Recently, Unilever, the global firm behind more than 400 brands from Ben & Jerry’s to Dove soap, has made a commitment to avoid sexist advertising. We look to see how this will affect China.
Following research that suggested that up to 40% of women surveyed did not identify with the portrayal of women in advertising. Unilever, the purchaser of over 10 billion USD in advertising per year, has made this new commitment as part of campaign known as “Unstereotype”.
Over the years, advertising by deodorant brands such as Lynx and Axe, have presented women as one-dimensional, and simply, a bit stupid. So Unilever, a brand house, with incredible presence in both mature and developing markets, should be congratulated for the stance they are making.
According to press release by Unilever Senior VP of Global Marketing, Aline Santos, “We (Unilever) want to portray women in roles that relate to their aspirations and broader achievements rather than just their responsibilities. We don’t want to show women as just supporting our product or supporting someone else. That isn’t what women are, and it isn’t how women see themselves“.
Read the full press release here.
So, how will this impact Chinese women
While Unilever brands enjoy success in China, some of the firm’s most iconic international campaigns did not translate well in China.
Two examples include – Real Beauty and Dirt is Good (for laundry powder). Real Beauty came at a time when Chinese women were enthusiastically showcasing their beauty and ‘setting the bar’ very high, with narrow standards of beauty. So while it was seen as an emancipatory message for international women, it simply came to early for Chinese women, on their journey to modernity.
This time, it feels Unilever’s stance on sexism comes at the right time for Chinese women. A very noticeable change has occurred in the last few years, where women are becoming increasing confident and proud, partly as a result of stronger levels of professional parity, and also as a result of women increasing their control family finances.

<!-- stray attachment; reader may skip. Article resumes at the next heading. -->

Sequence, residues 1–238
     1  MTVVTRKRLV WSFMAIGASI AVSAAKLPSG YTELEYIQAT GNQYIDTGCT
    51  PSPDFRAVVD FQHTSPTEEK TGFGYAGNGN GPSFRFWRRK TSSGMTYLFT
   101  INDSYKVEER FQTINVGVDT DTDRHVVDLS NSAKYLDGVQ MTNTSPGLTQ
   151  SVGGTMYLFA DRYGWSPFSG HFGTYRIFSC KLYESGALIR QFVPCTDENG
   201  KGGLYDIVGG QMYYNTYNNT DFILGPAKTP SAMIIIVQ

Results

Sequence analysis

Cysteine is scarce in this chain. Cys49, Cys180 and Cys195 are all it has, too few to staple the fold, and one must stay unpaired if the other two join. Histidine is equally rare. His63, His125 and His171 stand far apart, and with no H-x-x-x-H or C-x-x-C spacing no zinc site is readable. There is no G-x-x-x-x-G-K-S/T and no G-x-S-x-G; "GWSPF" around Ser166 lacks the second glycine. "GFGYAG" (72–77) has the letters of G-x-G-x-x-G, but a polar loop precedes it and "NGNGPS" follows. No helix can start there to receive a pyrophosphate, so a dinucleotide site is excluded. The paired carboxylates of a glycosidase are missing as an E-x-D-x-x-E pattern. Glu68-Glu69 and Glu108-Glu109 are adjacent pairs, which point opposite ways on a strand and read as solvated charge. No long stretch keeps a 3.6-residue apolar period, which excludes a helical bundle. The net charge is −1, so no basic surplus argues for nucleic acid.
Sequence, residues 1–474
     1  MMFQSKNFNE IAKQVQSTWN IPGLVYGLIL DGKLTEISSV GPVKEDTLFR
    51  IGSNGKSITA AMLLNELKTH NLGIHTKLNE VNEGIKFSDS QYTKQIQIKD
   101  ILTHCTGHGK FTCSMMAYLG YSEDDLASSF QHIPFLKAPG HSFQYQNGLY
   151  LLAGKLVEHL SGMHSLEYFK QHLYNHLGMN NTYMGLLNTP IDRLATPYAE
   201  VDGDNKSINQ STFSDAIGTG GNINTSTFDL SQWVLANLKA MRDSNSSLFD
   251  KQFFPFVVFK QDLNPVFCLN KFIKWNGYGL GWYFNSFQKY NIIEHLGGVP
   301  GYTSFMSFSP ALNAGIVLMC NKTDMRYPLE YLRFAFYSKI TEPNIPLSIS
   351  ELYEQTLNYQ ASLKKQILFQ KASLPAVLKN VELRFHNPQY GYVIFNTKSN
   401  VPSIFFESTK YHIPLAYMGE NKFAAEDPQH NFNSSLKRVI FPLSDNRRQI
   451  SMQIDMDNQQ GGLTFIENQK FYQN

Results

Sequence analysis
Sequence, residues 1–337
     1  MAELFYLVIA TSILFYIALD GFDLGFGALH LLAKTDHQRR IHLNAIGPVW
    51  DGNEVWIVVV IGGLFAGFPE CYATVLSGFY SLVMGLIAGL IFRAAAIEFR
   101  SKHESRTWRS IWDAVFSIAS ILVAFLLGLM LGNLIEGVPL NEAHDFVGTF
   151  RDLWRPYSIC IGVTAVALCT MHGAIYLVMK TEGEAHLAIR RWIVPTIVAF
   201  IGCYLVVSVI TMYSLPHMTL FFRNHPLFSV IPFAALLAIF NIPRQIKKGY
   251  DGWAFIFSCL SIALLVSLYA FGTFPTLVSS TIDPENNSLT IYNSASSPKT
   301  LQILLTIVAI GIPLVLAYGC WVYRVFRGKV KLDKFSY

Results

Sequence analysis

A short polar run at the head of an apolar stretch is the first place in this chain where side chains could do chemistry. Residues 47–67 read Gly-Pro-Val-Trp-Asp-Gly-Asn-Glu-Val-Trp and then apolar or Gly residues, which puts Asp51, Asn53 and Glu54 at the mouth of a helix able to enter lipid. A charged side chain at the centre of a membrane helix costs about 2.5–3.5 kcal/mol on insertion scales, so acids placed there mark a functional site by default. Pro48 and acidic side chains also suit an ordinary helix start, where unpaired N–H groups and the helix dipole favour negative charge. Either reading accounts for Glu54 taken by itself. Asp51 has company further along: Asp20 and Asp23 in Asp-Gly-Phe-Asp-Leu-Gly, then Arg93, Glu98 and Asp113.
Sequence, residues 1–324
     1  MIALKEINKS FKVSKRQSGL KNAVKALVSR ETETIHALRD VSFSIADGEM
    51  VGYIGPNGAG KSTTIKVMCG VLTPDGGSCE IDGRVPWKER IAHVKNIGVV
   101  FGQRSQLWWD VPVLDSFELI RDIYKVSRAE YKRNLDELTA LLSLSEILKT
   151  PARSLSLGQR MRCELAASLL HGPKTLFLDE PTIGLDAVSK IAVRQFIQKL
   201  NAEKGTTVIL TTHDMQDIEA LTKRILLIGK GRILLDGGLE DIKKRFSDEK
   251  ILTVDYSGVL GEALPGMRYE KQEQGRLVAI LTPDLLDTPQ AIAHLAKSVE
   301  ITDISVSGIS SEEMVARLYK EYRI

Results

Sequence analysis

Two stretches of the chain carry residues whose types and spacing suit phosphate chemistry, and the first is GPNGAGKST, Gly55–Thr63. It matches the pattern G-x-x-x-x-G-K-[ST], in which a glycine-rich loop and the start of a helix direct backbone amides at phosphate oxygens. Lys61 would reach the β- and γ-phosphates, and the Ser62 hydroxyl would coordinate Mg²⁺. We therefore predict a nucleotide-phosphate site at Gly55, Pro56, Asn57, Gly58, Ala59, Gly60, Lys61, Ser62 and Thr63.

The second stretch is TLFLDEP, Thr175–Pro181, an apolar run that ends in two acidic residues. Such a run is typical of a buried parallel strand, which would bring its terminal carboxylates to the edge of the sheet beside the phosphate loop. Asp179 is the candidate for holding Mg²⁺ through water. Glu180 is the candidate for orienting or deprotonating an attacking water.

This has been noticeable in terms of the rise of confident female celebrities – such as internet sensation Papi Jiang – and recent brand campaigns, such as P&G’s SKII’s campaign on the leftover women issue in China. For more detail on these trends, please read my article with Campaign Asia that explains why China’s Middle Class is Feminine.
Why Unilever’s new initiative will work well in China
Currently Chinese women are, to some extent, stuck in a conundrum. Having grown-up as ‘prodigal sons’ under the one-child policy, and enjoyed new levels of professional success and advancement, they still face a traditional society head on.
The persistence of the “leftover women” debate, that places pressure on women to marry younger, flys straight in the face of demographic change and urban culture in China. Media, both state and popular, still ‘straight-jackets’ women into particularly roles focussing on beauty. The reality is that modern women are still juggling multiple roles, some independent and strong, some still limited and sexist.
In this context, an important expression of power for women in China, is their power to shop. As single women, or as super-mums, they are likely to gravitate to brands that present the version of women that reflects reality, rather than the one they have to battle everyday.